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Writing Basics

What Belongs in a Supplementary File?


Teri Surprenant, MA, Managing Editor, Language Editing

May 2021

What material should be added as a supplement?

Supplementary files include any type of information or data that you have not already incorporated into your publication that is not essential to understanding your manuscript, but it provides background information or reinforces the main points of the manuscript. Supplementary materials provide readers with access to details that have been excluded due to space limitations, but this pertinent information may be required for other researchers to reproduce your experiments or work.

A good way to test if information belongs in the manuscript or in a supplementary file is to ask: If I remove this information, will the manuscript still make sense, and will my readers be able to understand the point of my research? If removing a particular feature would alter the manuscript in a way that makes a portion of it incomprehensible, then the information should stay in the main text.

Different journals have different requirements for supplementary files, so please consult the author’s guidelines/submission section on your target journal’s website. The journal may limit the number of files you can submit, the word count, the types of files that are allowed, and the format in which they are accepted, especially for video, audio, or animated files. While not exhaustive, the following is a list of what is typically considered appropriate supplementary files: raw data or datasets, minute details that were not included in the methods and materials section of your paper, charts, maps, photos, graphs, images, tables with a large amount of information that would not be practical for inclusion in the primary text, specific chemical information, 3D models, video or audio files, and questionnaires or surveys.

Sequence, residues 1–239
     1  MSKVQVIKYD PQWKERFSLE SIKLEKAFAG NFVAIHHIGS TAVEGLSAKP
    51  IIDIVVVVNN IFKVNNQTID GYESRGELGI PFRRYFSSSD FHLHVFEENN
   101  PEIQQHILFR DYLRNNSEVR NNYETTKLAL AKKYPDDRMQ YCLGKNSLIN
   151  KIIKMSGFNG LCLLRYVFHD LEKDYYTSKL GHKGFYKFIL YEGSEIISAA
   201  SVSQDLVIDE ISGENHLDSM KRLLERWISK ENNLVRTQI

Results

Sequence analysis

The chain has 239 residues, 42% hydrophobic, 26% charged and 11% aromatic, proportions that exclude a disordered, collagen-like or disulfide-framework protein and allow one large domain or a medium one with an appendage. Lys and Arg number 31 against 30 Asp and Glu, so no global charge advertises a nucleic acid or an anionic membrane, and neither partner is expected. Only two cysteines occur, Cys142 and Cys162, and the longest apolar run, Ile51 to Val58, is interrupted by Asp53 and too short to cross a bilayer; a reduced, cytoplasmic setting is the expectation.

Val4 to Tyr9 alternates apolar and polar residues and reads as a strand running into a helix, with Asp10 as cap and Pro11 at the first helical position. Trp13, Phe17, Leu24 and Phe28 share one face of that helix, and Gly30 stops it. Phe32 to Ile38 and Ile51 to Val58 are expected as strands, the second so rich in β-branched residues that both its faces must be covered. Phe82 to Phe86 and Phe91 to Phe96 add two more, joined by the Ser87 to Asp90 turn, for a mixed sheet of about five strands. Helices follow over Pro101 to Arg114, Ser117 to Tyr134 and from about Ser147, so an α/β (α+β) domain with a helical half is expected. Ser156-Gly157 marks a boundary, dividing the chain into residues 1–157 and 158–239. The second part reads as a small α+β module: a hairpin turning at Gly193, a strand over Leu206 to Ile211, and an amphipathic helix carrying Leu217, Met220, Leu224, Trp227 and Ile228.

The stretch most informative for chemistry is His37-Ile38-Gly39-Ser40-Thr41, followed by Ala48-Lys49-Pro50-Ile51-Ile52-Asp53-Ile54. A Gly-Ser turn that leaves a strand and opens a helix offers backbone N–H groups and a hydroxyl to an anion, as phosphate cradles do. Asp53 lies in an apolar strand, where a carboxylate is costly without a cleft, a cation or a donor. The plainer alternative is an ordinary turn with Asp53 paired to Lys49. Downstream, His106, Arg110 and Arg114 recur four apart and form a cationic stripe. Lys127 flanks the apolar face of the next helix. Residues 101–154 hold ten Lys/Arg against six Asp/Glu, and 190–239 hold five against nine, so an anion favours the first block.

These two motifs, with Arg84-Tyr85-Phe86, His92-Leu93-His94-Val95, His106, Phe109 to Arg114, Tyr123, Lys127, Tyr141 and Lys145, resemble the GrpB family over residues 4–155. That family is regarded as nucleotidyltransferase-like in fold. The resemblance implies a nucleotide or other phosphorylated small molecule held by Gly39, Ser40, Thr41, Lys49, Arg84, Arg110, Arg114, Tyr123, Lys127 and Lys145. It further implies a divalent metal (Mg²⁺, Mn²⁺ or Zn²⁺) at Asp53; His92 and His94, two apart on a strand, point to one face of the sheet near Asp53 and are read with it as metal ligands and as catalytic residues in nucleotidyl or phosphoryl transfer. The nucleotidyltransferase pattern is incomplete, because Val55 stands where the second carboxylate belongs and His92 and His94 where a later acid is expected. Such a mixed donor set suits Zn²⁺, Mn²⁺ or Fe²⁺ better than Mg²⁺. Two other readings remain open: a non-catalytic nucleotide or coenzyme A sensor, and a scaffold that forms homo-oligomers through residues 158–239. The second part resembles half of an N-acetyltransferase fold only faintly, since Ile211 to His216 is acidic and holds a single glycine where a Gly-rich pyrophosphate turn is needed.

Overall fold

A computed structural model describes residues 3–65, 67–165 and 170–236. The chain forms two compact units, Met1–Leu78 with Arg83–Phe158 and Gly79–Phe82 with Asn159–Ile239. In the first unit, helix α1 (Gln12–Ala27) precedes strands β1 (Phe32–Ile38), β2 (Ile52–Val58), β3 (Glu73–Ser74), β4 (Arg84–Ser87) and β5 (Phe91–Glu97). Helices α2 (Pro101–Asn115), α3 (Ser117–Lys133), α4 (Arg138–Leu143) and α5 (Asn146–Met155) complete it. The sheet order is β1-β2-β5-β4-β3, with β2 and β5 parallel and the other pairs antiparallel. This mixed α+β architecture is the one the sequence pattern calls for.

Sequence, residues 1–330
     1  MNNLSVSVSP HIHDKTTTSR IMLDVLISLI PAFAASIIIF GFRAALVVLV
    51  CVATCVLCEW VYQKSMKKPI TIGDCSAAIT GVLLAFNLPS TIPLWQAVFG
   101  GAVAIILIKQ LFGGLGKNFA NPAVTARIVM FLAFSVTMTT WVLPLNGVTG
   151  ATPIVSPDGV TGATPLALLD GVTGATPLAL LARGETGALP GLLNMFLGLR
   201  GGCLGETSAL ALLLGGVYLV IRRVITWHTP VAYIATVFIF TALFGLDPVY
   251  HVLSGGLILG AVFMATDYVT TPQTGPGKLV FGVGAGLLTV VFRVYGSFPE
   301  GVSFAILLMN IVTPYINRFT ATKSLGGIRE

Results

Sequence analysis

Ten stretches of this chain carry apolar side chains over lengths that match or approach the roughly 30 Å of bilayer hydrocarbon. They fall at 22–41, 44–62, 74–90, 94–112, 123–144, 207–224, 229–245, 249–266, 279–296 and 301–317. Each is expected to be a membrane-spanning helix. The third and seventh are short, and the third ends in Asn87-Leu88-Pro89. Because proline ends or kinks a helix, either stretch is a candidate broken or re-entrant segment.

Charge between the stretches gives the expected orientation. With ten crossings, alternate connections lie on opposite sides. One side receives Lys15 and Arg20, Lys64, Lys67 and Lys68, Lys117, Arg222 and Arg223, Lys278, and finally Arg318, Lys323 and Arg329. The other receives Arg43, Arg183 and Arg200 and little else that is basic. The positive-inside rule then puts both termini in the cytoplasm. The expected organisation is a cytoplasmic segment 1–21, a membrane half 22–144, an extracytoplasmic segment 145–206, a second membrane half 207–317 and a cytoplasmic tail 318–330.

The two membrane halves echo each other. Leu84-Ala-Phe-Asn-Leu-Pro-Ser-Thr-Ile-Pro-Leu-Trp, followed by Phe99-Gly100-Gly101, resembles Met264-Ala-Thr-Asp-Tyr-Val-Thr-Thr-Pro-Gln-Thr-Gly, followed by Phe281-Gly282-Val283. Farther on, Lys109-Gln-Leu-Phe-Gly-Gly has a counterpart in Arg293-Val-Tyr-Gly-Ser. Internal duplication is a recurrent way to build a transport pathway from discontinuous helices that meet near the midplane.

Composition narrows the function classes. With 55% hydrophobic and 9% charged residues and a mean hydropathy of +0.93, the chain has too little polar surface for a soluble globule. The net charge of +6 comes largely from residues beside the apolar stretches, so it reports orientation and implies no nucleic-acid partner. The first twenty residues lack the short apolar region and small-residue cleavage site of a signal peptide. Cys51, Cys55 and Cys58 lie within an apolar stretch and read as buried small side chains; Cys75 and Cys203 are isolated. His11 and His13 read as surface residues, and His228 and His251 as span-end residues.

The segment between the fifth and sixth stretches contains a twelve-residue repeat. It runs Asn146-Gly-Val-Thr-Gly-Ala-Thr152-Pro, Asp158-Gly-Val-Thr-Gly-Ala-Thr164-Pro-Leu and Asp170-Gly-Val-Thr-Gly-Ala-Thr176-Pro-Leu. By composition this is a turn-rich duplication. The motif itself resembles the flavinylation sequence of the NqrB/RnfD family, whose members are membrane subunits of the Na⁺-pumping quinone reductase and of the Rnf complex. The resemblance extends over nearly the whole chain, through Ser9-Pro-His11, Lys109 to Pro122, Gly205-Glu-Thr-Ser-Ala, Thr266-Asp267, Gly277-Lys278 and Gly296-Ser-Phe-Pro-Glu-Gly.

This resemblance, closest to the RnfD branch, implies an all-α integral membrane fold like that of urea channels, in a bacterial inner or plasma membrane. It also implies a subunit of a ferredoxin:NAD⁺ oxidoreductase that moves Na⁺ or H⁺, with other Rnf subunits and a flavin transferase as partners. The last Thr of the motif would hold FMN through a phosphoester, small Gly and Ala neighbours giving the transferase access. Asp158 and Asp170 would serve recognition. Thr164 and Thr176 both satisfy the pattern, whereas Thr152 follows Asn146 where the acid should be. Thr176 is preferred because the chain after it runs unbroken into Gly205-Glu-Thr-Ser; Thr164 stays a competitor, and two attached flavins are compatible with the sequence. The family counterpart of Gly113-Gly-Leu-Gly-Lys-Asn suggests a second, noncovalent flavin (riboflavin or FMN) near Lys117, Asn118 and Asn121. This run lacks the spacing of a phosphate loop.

A few supplementary file tips to keep in mind:

• Be sure you are consistent in how you label the files and refer to them in the text. In addition, supplementary files should be labeled in a numbering sequence outside of the information in the manuscript.
• It is important to strictly adhere to the journal’s guidelines; for example, the journal may require you to submit the information in separate files.
• Although you want the supplementary files to be informative, you do not want the files to appear cluttered, so be sure that the information in the files is presented in a straightforward manner.

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